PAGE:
Stop the madness! Isn't there some way you philosophers can be persuaded to devote your energies to answering any question other than the infernal footwear query? To spend time on something other than the eternal dating dilemma? To apply yourselves to something practical, useful and above all relevant to our daily lives? I mean, does ontology recapitulate phylogeny? Does the holy, as the unapproachable, render every immediate intrusion of the mediate in vain? Or even simply: what kind are the causes and the principles, the knowledge of which is Wisdom?

    --Really, Really Meaning It This Time

Dear Meaning: One of my most important personal maxims is to endeavor always to change my desires rather than the order of the world, and, in general, accustom myself to the persuasion that, except our own thoughts, there is nothing absolutely in our power; so that when we have done our best in things external to us, all wherein we fail of success is to be held, as regards us, absolutely impossible: and this single principle seems to me sufficient to prevent me from desiring for the future anything which I cannot obtain, and thus renders me contented; for since our will naturally seeks those objects alone which the understanding represents as in some way possible of attainment, it is plain, that if we consider all external goods as equally beyond our power, we shall no more regret the absence of such goods as seem due to our birth, when deprived of them without any fault of ours, than our not possessing the ability to alter the inquisitional direction of h2so4's editorial staff, and thus making, so to speak, a virtue of necessity, we shall no more desire insight from Hollywood entertainment, or intelligence in goverment employees, than we now desire bodies incorruptible as diamonds, or the wings of birds to fly with.

    Yours Truly,
    R.D.

Dear René:

Have you been keeping up with the town crier? What is this "Viagra"?

    --Galileo

Dear Esteemed Colleague: It is true that the science of medicine, as it now exists, contains few things whose utility is very remarkable; but without any wish to depreciate it, I am confident that there is no one, even among those whose profession it is, who does not admit that all at present known of it is almost nothing in comparison of what remains to be discovered about Viagra.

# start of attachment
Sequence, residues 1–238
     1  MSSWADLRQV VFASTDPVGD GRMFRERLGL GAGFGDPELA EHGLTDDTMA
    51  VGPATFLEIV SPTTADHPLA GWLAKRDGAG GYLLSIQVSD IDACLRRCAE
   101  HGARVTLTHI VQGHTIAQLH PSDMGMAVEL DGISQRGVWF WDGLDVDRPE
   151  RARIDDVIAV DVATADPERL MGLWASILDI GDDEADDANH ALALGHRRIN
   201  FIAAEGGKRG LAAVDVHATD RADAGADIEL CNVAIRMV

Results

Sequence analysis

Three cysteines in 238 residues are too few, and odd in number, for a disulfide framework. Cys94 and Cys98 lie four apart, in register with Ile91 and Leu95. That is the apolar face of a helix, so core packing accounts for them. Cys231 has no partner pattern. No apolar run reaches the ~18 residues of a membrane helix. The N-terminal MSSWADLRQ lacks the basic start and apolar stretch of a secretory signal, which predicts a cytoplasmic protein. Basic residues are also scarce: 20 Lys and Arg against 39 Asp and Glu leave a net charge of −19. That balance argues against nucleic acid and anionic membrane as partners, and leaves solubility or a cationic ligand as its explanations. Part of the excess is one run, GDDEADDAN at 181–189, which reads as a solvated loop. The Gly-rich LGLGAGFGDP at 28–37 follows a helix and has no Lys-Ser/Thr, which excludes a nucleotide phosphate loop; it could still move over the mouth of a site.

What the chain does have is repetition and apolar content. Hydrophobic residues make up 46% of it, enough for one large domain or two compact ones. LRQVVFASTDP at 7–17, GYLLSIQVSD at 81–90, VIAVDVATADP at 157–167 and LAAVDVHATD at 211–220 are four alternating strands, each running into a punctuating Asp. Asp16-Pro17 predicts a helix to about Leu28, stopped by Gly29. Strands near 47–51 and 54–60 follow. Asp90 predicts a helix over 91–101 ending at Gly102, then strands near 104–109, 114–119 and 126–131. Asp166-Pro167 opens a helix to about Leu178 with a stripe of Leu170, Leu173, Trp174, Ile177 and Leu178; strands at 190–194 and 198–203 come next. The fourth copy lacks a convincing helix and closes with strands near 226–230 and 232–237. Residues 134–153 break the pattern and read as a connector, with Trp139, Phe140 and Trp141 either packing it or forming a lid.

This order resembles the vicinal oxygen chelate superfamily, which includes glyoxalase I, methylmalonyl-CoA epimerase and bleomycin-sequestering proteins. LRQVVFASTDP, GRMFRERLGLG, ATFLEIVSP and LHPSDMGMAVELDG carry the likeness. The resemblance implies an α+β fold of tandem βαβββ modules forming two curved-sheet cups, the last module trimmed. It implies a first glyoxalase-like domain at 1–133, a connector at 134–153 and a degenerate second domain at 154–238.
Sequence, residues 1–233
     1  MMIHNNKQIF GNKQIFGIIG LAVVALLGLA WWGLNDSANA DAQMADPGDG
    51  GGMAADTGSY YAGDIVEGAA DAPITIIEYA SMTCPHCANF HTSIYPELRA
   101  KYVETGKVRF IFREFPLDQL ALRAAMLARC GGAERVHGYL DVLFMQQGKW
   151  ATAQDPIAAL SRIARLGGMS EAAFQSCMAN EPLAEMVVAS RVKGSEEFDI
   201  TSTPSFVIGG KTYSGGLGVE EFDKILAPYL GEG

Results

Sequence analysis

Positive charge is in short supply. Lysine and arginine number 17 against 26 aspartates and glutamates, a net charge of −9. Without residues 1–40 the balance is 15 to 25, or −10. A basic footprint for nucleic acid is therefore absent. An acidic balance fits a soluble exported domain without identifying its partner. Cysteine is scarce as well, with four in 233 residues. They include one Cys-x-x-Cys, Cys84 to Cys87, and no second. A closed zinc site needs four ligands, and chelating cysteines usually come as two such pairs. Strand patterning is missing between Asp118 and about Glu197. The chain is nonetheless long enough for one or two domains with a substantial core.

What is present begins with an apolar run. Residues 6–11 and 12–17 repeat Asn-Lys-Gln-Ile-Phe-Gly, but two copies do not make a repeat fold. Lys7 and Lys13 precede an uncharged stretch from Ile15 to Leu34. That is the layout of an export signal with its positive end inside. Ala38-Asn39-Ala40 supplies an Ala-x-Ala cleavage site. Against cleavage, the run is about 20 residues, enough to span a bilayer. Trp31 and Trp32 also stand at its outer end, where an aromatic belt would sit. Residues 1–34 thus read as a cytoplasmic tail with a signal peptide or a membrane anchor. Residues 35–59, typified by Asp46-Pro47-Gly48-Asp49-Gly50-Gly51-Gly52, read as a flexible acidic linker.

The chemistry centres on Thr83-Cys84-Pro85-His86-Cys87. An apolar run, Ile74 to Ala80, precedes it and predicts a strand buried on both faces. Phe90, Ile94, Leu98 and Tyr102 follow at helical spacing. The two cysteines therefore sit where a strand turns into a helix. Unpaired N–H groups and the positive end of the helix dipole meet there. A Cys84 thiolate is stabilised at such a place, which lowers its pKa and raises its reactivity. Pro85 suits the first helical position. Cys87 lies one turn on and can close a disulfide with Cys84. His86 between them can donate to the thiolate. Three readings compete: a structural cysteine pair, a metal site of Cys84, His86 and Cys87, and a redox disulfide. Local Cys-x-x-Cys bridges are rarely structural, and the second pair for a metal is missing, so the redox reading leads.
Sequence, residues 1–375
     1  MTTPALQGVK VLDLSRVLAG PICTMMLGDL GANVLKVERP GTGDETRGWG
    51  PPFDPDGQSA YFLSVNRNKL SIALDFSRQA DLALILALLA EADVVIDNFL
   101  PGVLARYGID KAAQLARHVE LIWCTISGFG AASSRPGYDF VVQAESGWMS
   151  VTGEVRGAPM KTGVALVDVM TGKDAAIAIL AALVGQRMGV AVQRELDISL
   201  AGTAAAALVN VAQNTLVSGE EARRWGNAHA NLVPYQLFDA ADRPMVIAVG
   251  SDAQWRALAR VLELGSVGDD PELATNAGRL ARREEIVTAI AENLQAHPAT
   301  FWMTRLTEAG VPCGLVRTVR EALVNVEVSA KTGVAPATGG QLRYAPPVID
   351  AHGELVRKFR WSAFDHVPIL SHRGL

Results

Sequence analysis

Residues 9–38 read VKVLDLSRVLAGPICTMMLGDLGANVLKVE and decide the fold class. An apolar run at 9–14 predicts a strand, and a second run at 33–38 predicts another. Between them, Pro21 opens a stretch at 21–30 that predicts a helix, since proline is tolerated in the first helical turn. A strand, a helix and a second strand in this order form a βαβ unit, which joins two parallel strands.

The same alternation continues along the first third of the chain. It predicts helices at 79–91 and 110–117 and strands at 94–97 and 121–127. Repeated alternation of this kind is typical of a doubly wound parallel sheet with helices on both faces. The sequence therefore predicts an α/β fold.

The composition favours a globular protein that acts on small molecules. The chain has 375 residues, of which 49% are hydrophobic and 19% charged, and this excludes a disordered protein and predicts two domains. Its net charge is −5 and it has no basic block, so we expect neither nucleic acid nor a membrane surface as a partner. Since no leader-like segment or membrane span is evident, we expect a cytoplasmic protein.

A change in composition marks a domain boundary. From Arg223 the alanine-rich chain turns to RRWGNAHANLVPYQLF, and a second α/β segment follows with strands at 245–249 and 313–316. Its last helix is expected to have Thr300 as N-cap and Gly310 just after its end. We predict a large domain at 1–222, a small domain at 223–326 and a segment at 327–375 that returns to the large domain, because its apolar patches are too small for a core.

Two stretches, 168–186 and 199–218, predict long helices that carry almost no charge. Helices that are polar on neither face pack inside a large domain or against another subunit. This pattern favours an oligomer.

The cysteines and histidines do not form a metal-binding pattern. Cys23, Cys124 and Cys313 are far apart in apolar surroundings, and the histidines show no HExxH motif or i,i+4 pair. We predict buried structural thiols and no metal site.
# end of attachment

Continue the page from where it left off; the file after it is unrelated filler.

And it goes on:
As soon as I had acquired some general notions respecting the physics involved, and began to make trial of Viagra in various particular difficulties, had observed how far the medicine could carry one, and how much it differs from the principles that have been employed up to the present time, I believed that I should not keep this science concealed without sinning grievously against the law by which we are bound to promote, as far as in us lies, the general good of mankind. For by the science manifest in Viagra I perceived it to be possible to arrive at a knowledge highly useful in life; and in the speculative philosophy usually taught in the schools, to discover a practice, by means of which, knowing the force and action of fire, water, air the stars, the heavens, and all the other bodies that surround us, as distinctly as we know the various crafts of our artisans, we might also apply this science in the same way to all the uses to which they can be adapted, and thus render ourselves the lords and possessors of nature. And this is a result to be desired, not only in order to found the invention of an infinity of arts, by which we might be enabled to enjoy without any trouble the fruits of the earth, and all its comforts, but also and especially for the preservation of health, which is without doubt, of all the blessings of this life, the first and fundamental one; for the mind is so intimately dependent upon the condition and relation of the organs of the body, that if any means can ever be found to render men wiser and more ingenious than hitherto, I believe that it is in Viagra that they must be sought.

    Yours Truly,
    René

Descartes:

The Pumps Paradox and the Datian Dilemma have been answered so often, with such varied meaning, that one begins to question the validity of philosophy altogether. With all deference to Kant, I need to know: can I trust your answers? Are you right or what? And can I quote you on this?

    --Heidi

Dear Heidi:

As for the advantage that others would derive from the communication of my thoughts, it could not be very great; because I have not yet so far pursued them in such a way that much does not remain to be added before they can be applied to practice. And I think I may say without vanity, that if there is any one who can carry them out at length, it must be myself rather than another: not that there may not be in the world many minds incomparably superior to mine, but because one cannot so well seize a thing and make it one's own, when it has been learned from another, as when one has himself discovered it. And so true is this of the present subject that, though I have often explained some of my opinions to persons of much acuteness, who, whilst I was speaking, appeared to understand them very distinctly, yet, when they repeated them, I have observed that they almost always changed them to such an extent that I could no longer acknowledge them as my own. I am glad, by the way, to take this opportunity of requesting posterity never to believe on hearsay that anything has proceeded from me which has not been published by myself; and I am not at all astonished at the extravagances attributed to those ancient philosophers whose own writings we do not possess; whose thoughts, however, I do not on that account suppose to have been really absurd, seeing as they were among the ablest men of their times, but only that these have been falsely represented to us.

    Yours Truly,
    R.D.